Georgia's only federally endorsed health IT regional extension center (REC) has announced that it is closing on its goal of getting all the eligible primary care providers, critical access and rural hospitals in the state to attest to Stage 1 of meaningful use.
In 2009, RECs were created by the Office of the National Coordinator for Health Information Technology (ONC) to help providers with electronic health record (EHR) adoption. That year, the Georgia Health Information Technology Extension Center (GA-HITEC), part of the National Center for Primary Care at Morehouse School of Medicine Morehouse School of Medicine, was awarded a $21M cooperative agreement from the federal agency to become the only regional extension center in Georgia to provide on-the-ground technical assistance for individual and small medical practices, those serving underserved communities, or lacking resources to implement and maintain EHRs.
GA-HITEC ranks fifth nationally amongst ONC’s nationwide network of 62 RECs in the number of eligible providers achieving meaningful use, according to a press release from the healthcare organization. What’s more, through this work in the REC program, GA-HITEC has assisted members in receiving over $80 million in incentive payments through the Centers for Medicare and Medicaid Services' (CMS) EHR incentive programs. The GA-HITEC team specializes in working with provider members, primarily comprised of small physician practices, and critical access and rural hospitals.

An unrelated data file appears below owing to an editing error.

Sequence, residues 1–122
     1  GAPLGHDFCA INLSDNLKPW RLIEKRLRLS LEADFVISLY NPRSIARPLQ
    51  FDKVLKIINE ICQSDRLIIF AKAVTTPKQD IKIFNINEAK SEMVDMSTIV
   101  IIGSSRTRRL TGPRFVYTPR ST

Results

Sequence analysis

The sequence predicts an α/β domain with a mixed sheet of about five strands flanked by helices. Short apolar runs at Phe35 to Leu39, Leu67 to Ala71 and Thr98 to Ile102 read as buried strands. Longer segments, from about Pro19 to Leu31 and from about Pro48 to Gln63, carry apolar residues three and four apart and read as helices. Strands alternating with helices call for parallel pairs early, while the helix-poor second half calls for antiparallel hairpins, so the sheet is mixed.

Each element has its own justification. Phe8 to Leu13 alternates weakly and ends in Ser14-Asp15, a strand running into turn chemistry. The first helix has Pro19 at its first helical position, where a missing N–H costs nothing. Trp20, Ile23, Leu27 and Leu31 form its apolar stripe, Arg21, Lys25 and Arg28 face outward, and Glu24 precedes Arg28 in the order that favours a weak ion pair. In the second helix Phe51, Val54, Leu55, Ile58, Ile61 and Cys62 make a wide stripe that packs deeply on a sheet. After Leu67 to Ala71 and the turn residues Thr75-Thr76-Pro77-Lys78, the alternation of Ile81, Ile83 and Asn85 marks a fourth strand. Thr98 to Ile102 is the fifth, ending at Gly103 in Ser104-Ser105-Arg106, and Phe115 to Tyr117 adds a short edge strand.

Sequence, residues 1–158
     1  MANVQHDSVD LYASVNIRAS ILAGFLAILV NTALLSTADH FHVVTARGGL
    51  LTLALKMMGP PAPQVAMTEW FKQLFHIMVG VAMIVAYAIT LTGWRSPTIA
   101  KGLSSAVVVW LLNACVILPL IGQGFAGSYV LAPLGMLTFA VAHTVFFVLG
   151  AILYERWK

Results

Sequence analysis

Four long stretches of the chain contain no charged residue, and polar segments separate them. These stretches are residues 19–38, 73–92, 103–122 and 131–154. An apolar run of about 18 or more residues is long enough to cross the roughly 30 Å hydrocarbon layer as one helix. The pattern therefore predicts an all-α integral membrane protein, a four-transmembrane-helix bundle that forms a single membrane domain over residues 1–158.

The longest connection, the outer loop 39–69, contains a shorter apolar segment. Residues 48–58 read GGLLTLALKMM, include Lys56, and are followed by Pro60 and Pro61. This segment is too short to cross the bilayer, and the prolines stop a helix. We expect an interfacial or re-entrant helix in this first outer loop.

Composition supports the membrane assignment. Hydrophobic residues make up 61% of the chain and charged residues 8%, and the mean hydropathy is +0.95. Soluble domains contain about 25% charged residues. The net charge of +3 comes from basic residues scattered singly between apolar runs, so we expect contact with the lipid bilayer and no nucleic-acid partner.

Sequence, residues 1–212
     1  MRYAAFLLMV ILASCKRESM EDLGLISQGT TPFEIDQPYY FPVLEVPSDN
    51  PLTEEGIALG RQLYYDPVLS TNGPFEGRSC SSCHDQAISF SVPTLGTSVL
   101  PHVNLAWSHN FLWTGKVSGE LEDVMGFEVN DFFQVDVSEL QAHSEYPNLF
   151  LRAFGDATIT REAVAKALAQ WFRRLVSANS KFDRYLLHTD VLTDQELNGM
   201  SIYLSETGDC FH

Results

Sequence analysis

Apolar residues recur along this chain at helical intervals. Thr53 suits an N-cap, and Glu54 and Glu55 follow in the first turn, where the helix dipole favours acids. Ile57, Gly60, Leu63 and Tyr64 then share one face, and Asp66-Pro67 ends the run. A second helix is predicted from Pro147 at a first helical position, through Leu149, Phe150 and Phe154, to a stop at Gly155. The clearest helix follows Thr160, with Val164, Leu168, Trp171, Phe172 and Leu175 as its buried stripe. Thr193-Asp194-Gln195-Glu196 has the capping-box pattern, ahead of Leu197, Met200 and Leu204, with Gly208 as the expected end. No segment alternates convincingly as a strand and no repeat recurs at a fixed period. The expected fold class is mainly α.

As such, GA-HITEC announced that it has reached 100 percent target eligible primary care providers and 89 percent of its eligible critical access and rural hospitals to have achieved meaningful use Stage 1. Working with community partners statewide, GA-HITEC has provided hands-on education and outreach to more than 4,000 eligible primary care physicians and 56 critical access and rural hospitals to implement and adopt EHR technology. Utilizing a methodical 10-Step roadmap to EHR meaningful use, GA-HITEC has provided members direct assistance on key information regarding the EHR implementation process to simplify the path to meaningful use since 2010, the organization said.
"We are proud of the work that has been accomplished over the past six years in Georgia in collaboration with our partners throughout the state to advance health IT and interoperability with the adoption and implementation of EHR technology," Carmen Hughes, executive director, GA-HITEC, said in a statement. "This growth is beneficial to both physicians in managing practice operations and also patients in improving access and quality of care."
As the national REC program is slated to sunset in late 2016, GA-HITEC said that it will continue to develop activities in support of the government’s HIT initiatives, including Stage 2 and Stage 3 of meaningful use, health information exchange (HIE), clinical practice transformation, along with other value-based reporting efforts. In 2014, GA-HITEC launched Ga Health Connect (Guich), a service-area HIE designed to provide integrative technology and clinical support platform for smaller practices, hospitals and health systems that seek a simple solution for connectivity to the Georgia Health Information Network (Gain).
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